The process involves creating a model of the fixture top plate. Features such as tooling holes and board-support mounting holes are located using an external reference to the board geometry. An external reference in the MCAD software indicates that a feature in one part depends on a feature in another part for its solution. If the referenced feature changes, the dependent feature also changes. This ensures that the tooling holes and board-support mounting locations in the top plate always mirror the board.

For fixtures designed for the PCB to sit flush on the top plate, the process is similar. The MCAD software offers a mold cavity tool that creates a negative image of the board in the top plate. Component offset clearances can be globally selected or tailored to individual components. Once the top-plate geometry has been established, the CAM software automatically extracts the machinable features from the top plate and generates a machine-code file for the milling/drilling machine.

Having CAD data in such detail also makes it possible to build finished fixtures without waiting for a PCB. The capability to build a simulated PCB from CAD data holds the promise of reduced time to market.

The same process is used for pocket milling the top plate. But in this case, molds of both the top and bottom images of the board as well as a blank representing the board itself are created. Then, the molds are used to make positive images of the board using hard gasket material. These images are adhered to the board blank, resulting in a very accurate representation of the populated board.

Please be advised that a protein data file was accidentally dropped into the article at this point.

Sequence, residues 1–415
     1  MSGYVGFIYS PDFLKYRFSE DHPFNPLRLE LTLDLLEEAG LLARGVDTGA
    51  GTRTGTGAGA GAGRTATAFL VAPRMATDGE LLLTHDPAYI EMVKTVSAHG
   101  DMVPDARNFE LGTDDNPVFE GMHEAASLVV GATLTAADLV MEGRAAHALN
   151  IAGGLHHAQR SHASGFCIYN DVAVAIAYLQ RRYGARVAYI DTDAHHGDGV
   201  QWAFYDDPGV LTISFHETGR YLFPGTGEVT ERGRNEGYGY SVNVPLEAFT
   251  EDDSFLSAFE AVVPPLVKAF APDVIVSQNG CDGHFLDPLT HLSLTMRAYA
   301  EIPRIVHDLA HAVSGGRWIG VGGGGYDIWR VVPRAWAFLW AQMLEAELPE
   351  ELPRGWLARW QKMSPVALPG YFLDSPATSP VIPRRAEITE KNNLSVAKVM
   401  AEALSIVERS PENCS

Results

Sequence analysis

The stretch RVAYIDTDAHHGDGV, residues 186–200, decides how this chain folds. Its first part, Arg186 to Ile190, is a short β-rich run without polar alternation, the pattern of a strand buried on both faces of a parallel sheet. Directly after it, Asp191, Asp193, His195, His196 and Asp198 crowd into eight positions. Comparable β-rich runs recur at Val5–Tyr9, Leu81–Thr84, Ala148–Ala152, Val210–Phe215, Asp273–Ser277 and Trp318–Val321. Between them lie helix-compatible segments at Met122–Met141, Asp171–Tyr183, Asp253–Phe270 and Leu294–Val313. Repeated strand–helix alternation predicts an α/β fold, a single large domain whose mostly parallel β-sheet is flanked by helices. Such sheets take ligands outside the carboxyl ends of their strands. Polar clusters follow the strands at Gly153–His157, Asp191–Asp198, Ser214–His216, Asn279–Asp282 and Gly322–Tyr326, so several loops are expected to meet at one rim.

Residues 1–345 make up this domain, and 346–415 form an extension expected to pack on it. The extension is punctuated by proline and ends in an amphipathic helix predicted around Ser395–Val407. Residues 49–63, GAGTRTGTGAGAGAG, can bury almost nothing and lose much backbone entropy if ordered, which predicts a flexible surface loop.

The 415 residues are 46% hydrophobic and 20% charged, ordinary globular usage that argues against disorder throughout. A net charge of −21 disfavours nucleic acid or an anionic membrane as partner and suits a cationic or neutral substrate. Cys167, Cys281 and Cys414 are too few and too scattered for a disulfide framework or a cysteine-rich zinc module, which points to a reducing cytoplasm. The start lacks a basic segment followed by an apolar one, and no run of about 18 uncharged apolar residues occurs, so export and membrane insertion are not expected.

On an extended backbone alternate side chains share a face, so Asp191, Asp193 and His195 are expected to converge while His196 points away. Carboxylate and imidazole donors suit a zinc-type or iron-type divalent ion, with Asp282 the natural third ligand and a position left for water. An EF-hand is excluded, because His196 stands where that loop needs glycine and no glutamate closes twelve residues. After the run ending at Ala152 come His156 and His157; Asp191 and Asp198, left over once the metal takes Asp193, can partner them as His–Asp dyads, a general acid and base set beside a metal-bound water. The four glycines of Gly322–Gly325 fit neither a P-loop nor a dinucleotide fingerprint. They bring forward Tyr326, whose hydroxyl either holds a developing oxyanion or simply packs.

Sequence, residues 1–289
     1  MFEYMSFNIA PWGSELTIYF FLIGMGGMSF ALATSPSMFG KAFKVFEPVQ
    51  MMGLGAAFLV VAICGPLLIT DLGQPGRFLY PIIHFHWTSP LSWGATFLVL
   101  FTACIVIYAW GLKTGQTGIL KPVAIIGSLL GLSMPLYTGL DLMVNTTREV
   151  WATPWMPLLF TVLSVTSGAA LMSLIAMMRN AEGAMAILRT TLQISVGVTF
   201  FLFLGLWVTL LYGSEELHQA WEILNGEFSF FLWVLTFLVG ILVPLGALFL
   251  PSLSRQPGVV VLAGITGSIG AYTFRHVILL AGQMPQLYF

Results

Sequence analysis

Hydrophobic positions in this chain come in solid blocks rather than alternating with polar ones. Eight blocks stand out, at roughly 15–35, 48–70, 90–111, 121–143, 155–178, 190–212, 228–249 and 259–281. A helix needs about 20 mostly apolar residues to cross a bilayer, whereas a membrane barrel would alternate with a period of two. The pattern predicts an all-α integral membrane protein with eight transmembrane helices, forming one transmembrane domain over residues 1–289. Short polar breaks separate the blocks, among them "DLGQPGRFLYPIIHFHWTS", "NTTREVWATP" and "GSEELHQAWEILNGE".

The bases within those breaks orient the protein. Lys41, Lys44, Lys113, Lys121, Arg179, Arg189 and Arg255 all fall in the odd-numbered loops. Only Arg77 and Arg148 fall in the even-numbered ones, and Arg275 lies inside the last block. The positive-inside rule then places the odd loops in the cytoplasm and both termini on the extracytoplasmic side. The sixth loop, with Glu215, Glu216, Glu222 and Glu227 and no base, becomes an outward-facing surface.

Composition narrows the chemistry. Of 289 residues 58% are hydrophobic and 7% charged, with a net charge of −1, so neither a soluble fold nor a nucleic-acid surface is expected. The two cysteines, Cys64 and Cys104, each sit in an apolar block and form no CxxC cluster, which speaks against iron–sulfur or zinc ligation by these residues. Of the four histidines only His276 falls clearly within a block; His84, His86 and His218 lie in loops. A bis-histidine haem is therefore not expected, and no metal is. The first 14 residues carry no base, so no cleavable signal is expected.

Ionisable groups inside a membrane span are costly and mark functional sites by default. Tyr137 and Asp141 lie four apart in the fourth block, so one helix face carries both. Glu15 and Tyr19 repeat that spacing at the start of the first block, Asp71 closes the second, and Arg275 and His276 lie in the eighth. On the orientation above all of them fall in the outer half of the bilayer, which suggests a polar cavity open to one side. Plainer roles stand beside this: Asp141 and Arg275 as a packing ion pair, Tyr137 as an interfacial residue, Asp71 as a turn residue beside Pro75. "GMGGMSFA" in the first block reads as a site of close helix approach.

3-D BSA is a vital fixture development tool that provides a realistic view of the relative forces that will be placed on the PCB under test. It can help eliminate potential damage to the PCB and its components during production test.

A broken PCB can cost thousands of dollars and lost time. Based on the desktop computer processor power now available, the migration of PCB designs to 3-D CAD, and the need for improved quality, the means are there to make 3-D BSA a practical part of the fixture design process.


  1. St.Onge, G., “A Method to Control Board Flex,” EE-Evaluation Engineering, September 1989, pp. 14-18.
  2. Green, S., “Hidden Costs of Board Stress in Test,” Electronics Manufacture and Test, May 2000.

About the Author

Gary St.Onge is vice president of the Test Fixture Group at Everett Charles Technologies. He holds a master’s and a bachelor’s degree in mechanical engineering from Union College. Mr. St.Onge also is a licensed professional engineer in New York state and has received eight U.S. patents related to test fixturing. email: [email protected]
Tom Newhall is a product design engineer at Everett Charles Technologies. He has a bachelor’s degree in mechanical engineering from Clarkson University and 15 years of engineering experience with ECT and General Electric. email: [email protected]
Everett Charles Technologies, Test Fixture Division, 
1 Fairchild Square, Clifton Park, NY 12065, 518-877-7042.

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Published by EE-Evaluation Engineering
All contents © 2000 Nelson Publishing Inc.
No reprint, distribution, or reuse in any medium is permitted
without the express written consent of the publisher.

August 2000